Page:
Jihad Harb, Senior Researcher at AMAN, presented on another tool, namely, the Transparency Index within LGUs. Measuring 44 sub-indicators, this index aims at assessing the implementation of the principles of transparency in LGU functions. It gauges how LGUs are compliant with the policies and principles of disclosure as well as provision of information on relevant operations. Harb made clear that AMAN has published nine reports on the transparency index within LGUs between 2016 and 2022.
Having scored low in the Transparency Index, LGUs need to publish information and reports
AMAN reports recommend that greater disclosure and transparency need to be promoted within LGUs. Since they all had low scores without exception, LGUs need to adopt strategies for disclosure and publication of all information and operations. Websites will be approved as an essential mechanism for publishing and disclosing the information required by the Transparency Index. Also, social media networks should only be used as a secondary and complementary support mechanism to provide access to information by publishing short posts, including hyperlinks.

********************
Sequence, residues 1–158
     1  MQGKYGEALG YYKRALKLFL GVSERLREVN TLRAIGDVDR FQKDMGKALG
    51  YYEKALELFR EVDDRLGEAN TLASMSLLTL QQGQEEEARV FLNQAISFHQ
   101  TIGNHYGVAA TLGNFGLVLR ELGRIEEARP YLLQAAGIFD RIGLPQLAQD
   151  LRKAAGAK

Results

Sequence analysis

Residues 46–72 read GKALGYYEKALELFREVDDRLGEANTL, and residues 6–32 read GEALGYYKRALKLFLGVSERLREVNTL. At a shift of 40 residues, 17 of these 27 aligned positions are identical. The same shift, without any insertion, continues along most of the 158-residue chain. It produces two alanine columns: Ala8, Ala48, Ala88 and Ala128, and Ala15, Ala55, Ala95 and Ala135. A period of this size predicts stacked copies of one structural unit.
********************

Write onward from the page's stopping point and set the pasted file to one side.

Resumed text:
The code of professional conduct will be modified so as to include some indicators, such as disclosure of the assets and properties of LGU heads. The Law on the Right of Access to Information needs to be approved, providing that information and data will be dealt with as public records that citizens have the right to access without formal requests. The law will also delineate the mechanism for access to information.
In addition, the MoLG, Municipal Development and Lending Fund, and Association of Palestinian Local Authorities will be requested to develop municipal rehabilitation and empowerment programmes as well as to raise awareness of LGU staff about the importance of publication and community engagement. This should strengthen the principles of transparency and systems of accountability. LGU Public Relations Departments will take on a greater role and make more effort to launch, developed, and upgrade official websites. Detailed information will be posted and made accessible to the public.
Harb further recommended that control efforts be intensified and promoted by government control bodies, focusing on LGU commitment to publishing information. To ensure that LGUs maintain publication, deterrent measures will be taken in case they fail to do so. Greater awareness raising will introduce citizens to their right of access to information by making publicly available manuals and organising educational seminars and workshops.